Residents of Springfield, Missouri, came down on the side of religious freedom in a crucial vote last Tuesday on a municipal ordinance with huge anti-Christian implications. Voters acted to repeal an ordinance
adopted by the Springfield City Council last October which provided special rights to homosexual and "transgendered" individuals.
The repeal proposition, Question 1, was approved by Springfield voters by a narrow margin of 51.4% to 48.6%. While turnout was stronger than usual for an April municipal election, there were still only 24 percent of Springfield voters who cast ballots on the controversial ordinance.
The ordinance had amended Springfield's "public accommodations" law to prohibit discrimination based on the amorphous concepts of "sexual orientation" and "gender identity." Similar ordinances on the state and local level have been used across the country to target
and prosecute Christian business owners and Christian ministries.
Under such SOGI (sexual orientation/gender identity) laws, florists, bakers, and photographers have been found guilty of discrimination for declining to participate in immoral same-sex union ceremonies. Christian pastors and Christian churches have also been threatened with prosecution for failing to perform same-sex nuptials and failing to provide church facilities for such ceremonies.
"Christian businessmen all over the country are being sued for not participating in gay 'weddings'," said Calvin Morrow, the leading spokesman for the Yes on Question 1 campaign. "To serve those types of celebrations violates their consciences...Do we suspend free speech for Christians and use police powers to force compliance?"
The Springfield ordinance also would have turned all public restrooms in the city and all private restrooms available to the public into unisex facilities. Men would have been able to invade women's restrooms, locker rooms, and shower facilities by merely claiming that their "gender identity" was that of a female.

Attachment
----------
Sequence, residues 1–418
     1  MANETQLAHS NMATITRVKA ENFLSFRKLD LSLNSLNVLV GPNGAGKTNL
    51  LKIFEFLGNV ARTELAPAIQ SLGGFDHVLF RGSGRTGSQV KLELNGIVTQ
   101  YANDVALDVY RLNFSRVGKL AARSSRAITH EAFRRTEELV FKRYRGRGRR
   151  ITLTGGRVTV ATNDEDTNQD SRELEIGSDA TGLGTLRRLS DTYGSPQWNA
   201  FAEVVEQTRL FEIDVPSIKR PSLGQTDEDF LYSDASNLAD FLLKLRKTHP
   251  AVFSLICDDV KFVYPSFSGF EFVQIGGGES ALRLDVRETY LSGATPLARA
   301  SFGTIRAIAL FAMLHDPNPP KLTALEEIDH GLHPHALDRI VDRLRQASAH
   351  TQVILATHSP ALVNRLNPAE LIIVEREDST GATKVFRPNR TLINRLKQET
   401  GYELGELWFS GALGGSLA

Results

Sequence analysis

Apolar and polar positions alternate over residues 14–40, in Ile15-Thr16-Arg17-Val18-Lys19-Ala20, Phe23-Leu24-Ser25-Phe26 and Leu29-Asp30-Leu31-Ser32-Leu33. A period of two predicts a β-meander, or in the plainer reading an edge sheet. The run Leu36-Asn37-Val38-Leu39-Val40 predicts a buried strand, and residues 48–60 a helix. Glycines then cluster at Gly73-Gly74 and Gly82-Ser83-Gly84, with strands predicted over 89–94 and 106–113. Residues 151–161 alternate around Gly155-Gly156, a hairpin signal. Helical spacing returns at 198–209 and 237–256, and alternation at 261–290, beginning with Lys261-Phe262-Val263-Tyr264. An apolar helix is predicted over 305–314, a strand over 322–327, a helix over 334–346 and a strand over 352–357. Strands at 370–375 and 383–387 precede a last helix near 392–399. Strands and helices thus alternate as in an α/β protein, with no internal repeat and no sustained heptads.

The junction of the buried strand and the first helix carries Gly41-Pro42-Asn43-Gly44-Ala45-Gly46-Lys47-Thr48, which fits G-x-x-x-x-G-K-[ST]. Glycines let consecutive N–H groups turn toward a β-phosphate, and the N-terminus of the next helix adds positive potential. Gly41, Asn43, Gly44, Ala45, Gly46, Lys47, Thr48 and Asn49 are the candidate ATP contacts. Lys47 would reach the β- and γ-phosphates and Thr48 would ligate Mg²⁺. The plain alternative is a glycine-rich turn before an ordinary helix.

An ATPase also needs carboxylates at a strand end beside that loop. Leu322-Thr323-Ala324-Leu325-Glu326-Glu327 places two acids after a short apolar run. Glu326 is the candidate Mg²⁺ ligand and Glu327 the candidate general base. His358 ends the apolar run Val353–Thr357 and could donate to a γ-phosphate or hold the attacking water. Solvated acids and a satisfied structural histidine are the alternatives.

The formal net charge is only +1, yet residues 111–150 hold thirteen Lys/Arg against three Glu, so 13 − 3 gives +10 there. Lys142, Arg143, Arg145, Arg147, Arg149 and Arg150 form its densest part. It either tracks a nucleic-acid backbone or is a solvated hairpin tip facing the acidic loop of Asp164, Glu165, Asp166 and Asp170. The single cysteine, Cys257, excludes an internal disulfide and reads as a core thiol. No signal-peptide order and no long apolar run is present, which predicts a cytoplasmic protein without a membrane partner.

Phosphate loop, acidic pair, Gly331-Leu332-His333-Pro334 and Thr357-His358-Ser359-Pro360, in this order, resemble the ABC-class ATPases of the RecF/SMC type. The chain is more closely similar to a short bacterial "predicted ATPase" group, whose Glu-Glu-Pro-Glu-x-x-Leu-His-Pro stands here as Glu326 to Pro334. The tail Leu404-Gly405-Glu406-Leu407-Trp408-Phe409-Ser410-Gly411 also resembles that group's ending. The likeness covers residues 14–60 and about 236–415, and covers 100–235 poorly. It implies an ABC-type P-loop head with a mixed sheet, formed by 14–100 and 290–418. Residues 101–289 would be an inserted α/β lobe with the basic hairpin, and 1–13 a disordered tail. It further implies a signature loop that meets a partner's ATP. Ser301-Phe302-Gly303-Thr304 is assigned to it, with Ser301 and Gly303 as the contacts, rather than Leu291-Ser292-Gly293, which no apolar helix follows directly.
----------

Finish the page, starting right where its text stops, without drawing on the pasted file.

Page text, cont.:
National "gay rights" forces made retention of the ordinance a top priority. PROMO, the Missouri homosexual rights organization, and the Human Rights Campaign, the national homosexual rights group, dedicated major resources and full-time staffers dedicated to the "no repeal" effort. They were aided by the Springfield News-Leader
, which used its news pages to repeatedly distort the true impact of the ordinance, and to propagandize in favor of the "gay rights" cause.
Springfield area churches mobilized slowly behind the repeal campaign, but finished strong. "The churches
were startled and alarmed and began to get involved. They recognized they were the target," Morrow observed.
Pastors who had a large impact included John Lindell of James River Assembly of God, and Pastor Eddie Bumpers of Crossway Baptist Church. Dr. George Wood, general superintendent of the Assemblies of God, sent a letter to his association's churches, urging them to actively support the repeal effort. The international headquarters of the Assemblies of God and its many affiliate ministries are located within the city of Springfield.
The repeal effort may have been helped by a national media firestorm over religious liberty legislation in Indiana during the waning days of the Springfield campaign. In the midst of the highly contentious debate
in Indiana, homosexual rights activists waged a vicious hate campaign against a small town pizza parlor which said it would decline participation in any same-sex "wedding" ceremony. Supporters of the pizza shop owner and his 19 year-old daughter rallied to their defense, and raised an astounding sum of over $842,000 in less than 48 hours to show support for their courageous stand.